I'm currently leading the "Design Principles" class for Hyper Island's UX Upskill Program.. This is part 3 out of 4. You can read Part 1 here, Part 2, and Part 4 here. This session was held by Patrick Sundqvist, a very seasoned designer whom I have the outmost respect for. These are my thoughts and reflections based on his session.
For a long time, moving from wireframes to visual design was considered the 'making the thing pretty' stage. The reality is, taking wireframes into visual designs is not about making things pretty, but rather about making things a pleasure to use and interact with.
As we define requirements and constraints, we're making sure that what we're building will be functional and reliable. When creating wireframes, we order and arrange each feature in a way that's logical and user friendly so the product will be usable (note that usable and useful aren't the same thing).
During the visual design stage, we can make our product even more usable, but it also gives us an opportunity to make something that's a pleasure to use. It's important to remember that adding visual design doesn't me that the product will automatically be a pleasure to use. After all, everything we use have visual design (even wireframes have visual design, just... 'less' of it).
If we look at ways we use visual design to make a product pleasurable we can use the different aspects of a user interface to find opportunities to delight.
- Form - Shapes allow us to communicate different things and inspire different emotions. Round shapes are considered to be more friendly vs shapes with sharper edges.
- Color - Colors are used to communicate throughout our society. It's important to understand that depending on geographical location, colors may communicate different things. In the Western world, we generally use red to communicate danger, green to communicate positive actions, and blue has long been considered a calming color.
- Typography - Type allows us to strengthen the message we want to send with form and color. Not just between serifs and sans-serifs, but also how we use capitalisation, bold typography, etc.
- Images - The old saying that an image is worth a thousand words surely has some truth to it. Images are an easy, efficient, and universal way to communicate with users.
- Animation - Animation can define a product and in many cases, a lack of animations can define a product even more (in a not so positive way). Animations are a great way of giving feedback back to the user - to clearly say that the product has understood our request and that it's acting upon it.
- Haptics - Haptics can act as a strengthener for cues from the user interface to the user. The way your smart watch buzzes to alert you or the way your phone prompts you when you pull to refresh.
Pleasurability is an extremely important aspect of a user interface.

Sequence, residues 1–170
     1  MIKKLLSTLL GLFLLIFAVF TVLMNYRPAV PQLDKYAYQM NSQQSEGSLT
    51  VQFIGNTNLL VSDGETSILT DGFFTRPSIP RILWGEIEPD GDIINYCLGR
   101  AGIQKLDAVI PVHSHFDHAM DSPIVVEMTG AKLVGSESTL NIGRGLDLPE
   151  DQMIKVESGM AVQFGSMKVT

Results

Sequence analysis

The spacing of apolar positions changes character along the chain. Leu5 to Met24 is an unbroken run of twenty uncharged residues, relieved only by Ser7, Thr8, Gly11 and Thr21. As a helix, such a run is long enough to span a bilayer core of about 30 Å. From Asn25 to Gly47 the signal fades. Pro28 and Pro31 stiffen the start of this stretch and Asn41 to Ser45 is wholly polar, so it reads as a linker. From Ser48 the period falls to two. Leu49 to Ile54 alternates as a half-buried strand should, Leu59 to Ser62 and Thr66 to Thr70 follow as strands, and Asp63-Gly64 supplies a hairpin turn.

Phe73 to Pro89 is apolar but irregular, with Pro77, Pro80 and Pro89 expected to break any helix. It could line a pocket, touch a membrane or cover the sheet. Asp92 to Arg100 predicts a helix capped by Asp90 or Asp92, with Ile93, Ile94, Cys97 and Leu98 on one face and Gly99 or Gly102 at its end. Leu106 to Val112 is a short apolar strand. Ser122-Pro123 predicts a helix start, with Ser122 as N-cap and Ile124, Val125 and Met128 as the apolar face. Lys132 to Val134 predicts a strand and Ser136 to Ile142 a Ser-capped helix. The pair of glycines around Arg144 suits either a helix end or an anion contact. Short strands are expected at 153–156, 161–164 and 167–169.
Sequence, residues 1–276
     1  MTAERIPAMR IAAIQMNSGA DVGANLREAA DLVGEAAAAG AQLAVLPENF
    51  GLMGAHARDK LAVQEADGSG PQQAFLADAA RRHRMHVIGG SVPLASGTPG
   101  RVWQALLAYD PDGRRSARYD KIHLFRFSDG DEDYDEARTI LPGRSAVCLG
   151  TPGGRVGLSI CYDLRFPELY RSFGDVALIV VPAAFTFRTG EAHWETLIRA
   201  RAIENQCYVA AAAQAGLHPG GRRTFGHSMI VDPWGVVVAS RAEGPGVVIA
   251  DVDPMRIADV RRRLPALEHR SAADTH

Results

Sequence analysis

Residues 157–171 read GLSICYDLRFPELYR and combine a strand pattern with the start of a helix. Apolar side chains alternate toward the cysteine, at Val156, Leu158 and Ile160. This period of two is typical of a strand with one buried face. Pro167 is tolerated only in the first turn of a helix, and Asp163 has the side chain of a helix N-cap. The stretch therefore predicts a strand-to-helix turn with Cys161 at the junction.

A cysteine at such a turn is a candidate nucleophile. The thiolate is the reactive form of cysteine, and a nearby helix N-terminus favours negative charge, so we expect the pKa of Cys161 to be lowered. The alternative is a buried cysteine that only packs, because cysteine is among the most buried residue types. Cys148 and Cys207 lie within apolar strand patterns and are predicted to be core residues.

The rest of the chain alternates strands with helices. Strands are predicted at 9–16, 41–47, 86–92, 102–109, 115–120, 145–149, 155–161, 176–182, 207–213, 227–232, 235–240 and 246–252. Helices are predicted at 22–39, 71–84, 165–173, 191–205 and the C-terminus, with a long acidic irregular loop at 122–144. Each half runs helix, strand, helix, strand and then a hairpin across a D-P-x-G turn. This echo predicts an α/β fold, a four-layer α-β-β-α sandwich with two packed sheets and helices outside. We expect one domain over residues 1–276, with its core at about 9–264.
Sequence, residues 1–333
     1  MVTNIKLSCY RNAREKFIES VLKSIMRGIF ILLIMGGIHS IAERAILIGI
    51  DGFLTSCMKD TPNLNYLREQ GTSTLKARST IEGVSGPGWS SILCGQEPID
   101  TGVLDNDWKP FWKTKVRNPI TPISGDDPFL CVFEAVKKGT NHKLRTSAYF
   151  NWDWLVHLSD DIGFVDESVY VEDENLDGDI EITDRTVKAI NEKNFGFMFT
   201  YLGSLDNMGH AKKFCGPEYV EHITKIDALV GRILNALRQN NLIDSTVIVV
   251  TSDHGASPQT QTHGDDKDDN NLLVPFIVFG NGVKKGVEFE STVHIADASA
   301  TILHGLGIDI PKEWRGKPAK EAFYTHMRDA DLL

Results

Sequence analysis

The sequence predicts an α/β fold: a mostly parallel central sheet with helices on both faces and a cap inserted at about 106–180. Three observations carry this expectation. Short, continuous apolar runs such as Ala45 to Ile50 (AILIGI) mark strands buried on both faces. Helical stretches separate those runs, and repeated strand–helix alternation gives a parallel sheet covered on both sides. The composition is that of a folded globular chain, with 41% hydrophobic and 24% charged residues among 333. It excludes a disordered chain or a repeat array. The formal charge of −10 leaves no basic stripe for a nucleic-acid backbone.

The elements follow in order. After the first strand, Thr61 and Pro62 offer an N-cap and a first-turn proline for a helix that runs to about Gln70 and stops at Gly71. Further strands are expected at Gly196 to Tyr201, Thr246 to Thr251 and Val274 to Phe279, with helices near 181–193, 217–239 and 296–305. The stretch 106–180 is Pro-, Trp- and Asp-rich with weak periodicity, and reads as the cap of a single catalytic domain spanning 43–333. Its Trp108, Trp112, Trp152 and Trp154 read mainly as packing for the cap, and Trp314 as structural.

As mentioned earlier, a user interface is not just there to make things look pretty, but rather serves important aspects of the user experience:
- Clarify - The user interface needs to clarify any uncertainties or doubts a user may have about the product and how it works.
- Guide - The user interface should guide the user to certain desired tasks and actions. A checkout flow should guide the user to finalizing their order and a messaging app should guide the user to send and receive messages.
- Explain - Furthermore, the user interface should explain how the product works and why it works that way.
- Fortify/Augment - Finally, the user interface should augment all of the above to reduce friction and remove confusion.
A user interface is like a joke.
If you have to explain it, it’s not that good.
In order to create good user interfaces, we've looked at the tools we have at our disposal to create good user interfaces, but, as with anything, the tools are worthless if we don't know what we want to achieve with them.
A good user interface is:
- Useful, relevant, and necessary - While want to make a product pleasurable to use adding visual cues just for the sake of it doesn't necessarily achieve our goals. A user interface needs to be useful, but even more importantly, relevant.
- Clear and intuitive - I think this is something everyone can relate to. A huge factor in Apple's success over the last two decades has been their ability to create user interfaces that are clear and intuitive.
- Simple to grasp and understand - Continuing on that note, interfaces need to be simple enough to grasp (high-level) and understand (in-detail).
- Specific - easy to understand what is to be done - The user interface should be specific when needed, but always showcase essential information.
- Trustworthy - Regardless of what the product is, trust is key. As a user, I need to be sure that the actions I perform actually are executed and that the information is correct.
- Explorative - The key features and information need to be front and center while striving to educate users. It's important to have a user interface that's also explorative and allows them to explore new features and topics.
I'm currently leading the "Design Principles" class for Hyper Island's UX Upskill Program.. This is part 3 out of 4. You can read Part 1 here and Part 2 here. This session was held by Patrick Sundqvist, a very seasoned designer whom I have the outmost respect for. These are my thoughts and reflections based on his session.